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Acadia Series

The area of land now known as Acadia National Park has a long and complicated history, both geologic and cultural.

The origin of the rocks that currently make up Acadia, the surrounding islands, and coastal region is buried deeply within the history of plate tectonics and the powerful volcanic forces that continuously shape our planet.

Beginning 600 million years ago, multiple episodes of volcanic and tectonic activity both created and relocated the bedrock that can be seen throughout the island.  Recent geologic studies reveal that coastal Maine and western Europe share many of the same rock types, age, and fossil record, suggesting that this section on the Maine coast did not originate with the North American Plate, but was in fact part of a small continental land mass (called Avalonia) that became attached to North America during a time of continental collision between 350 and 400 million years ago.

Following the ancient formation stage, other forces emerged to continue the transformation of the Maine coast.  Beginning nearly 2 million years ago, and ending about 10,000 years ago, a series of glacial advances and retreats played a key role in transforming the island’s landscape and shaping the landforms we see today.  Deep, rounded, U-shaped valleys, and piles of broken rock and boulders (called erratics) deposited throughout the hills are evidence of the effect of these massive one to two mile thick sheets of ice.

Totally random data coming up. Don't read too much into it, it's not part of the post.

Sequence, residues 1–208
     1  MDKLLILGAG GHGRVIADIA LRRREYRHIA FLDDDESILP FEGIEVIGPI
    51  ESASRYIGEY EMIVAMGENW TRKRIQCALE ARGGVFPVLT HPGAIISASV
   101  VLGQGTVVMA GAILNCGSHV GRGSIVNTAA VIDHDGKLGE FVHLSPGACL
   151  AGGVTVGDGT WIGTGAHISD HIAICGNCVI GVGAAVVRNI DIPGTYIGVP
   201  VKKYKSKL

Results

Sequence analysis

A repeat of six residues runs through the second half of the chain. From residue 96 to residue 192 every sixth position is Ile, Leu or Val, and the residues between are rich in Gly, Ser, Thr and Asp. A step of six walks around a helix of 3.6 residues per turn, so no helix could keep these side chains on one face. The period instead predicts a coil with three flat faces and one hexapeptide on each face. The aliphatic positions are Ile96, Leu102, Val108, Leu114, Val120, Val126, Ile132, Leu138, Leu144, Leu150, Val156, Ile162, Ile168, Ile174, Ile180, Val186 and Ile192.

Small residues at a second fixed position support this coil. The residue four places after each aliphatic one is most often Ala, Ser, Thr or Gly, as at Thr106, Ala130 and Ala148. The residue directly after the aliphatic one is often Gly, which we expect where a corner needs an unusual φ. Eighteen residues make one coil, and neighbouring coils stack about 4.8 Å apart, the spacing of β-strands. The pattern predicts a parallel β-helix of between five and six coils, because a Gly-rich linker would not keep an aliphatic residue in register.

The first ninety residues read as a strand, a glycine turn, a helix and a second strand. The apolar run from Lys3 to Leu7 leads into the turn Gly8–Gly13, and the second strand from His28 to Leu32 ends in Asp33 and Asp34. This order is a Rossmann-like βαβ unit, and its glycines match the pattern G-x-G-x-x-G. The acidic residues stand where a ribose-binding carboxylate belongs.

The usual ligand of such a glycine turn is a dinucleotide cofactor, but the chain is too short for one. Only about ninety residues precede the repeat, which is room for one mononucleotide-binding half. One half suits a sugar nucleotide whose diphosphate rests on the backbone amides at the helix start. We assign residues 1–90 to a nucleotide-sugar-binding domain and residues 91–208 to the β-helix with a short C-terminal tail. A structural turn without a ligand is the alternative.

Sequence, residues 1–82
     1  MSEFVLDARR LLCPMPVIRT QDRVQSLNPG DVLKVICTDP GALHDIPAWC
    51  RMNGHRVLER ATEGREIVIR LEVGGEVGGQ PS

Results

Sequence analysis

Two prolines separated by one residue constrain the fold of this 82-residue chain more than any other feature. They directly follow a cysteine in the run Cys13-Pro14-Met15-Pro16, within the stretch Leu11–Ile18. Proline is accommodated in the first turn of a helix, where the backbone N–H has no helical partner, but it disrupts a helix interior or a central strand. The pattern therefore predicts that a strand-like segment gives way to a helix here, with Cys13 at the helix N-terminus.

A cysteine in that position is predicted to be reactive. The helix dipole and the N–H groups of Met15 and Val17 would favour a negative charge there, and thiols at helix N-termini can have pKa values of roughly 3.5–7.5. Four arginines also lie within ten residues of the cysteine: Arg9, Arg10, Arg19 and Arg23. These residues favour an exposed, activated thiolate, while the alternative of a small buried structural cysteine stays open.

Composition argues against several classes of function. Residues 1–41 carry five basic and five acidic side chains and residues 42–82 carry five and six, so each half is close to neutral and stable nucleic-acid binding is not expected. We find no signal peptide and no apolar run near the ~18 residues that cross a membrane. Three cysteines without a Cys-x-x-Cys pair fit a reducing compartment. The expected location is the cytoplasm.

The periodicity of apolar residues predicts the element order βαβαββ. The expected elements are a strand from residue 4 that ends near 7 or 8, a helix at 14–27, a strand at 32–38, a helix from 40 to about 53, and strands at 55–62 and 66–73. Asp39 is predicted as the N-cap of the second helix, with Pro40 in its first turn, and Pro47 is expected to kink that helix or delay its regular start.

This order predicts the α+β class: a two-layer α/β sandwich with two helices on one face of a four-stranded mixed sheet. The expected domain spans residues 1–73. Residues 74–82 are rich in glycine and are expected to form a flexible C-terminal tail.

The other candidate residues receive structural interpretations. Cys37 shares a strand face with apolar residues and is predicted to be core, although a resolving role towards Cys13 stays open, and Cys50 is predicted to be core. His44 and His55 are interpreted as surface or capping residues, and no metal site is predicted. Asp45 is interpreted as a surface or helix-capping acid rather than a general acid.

Currently, erosion continues the shaping process.  The effect of waves on coastal rock erodes dikes and other weaker rocks to form chasms such as Thunder Hole, cutting cliffs and sea stacks, and leaving the rubble to transform into cobblestone beaches.  Higher up the hillsides, water seeps into rock fractures and freezes, causing blocks of rock to break away to fall or slide down the mountainsides, forming piles of rubble called talus slopes.

Though natural forces have a dramatic effect on how we experience the physical environment of Acadia, perhaps equally important, but more subtle, are the various cultural forces that have been at work in this area since the retreat of the glaciers.  When one looks at Acadia, it is easy just to see the end result: a spectacular natural area preserved for future generations.  However, as with all land in North America, the use and ownership of Mt. Desert Island passed through many hands before its present designation as a national park. 

Native American peoples have inhabited the land we now call Maine for 12,000 years. Prior to European colonization of North America, the Wabanaki (“People of the Dawnland”) Confederation (a loose union of five distinct tribes: the Abenaki, Maliseet, Mi'kmaq, Passamaquoddy and Penobscot) controlled an area encompassing what is now Maine, New Hampshire, Vermont, Nova Scotia, Prince Edward Island, New Brunswick, and a portion of Quebec south of the St. Lawrence River.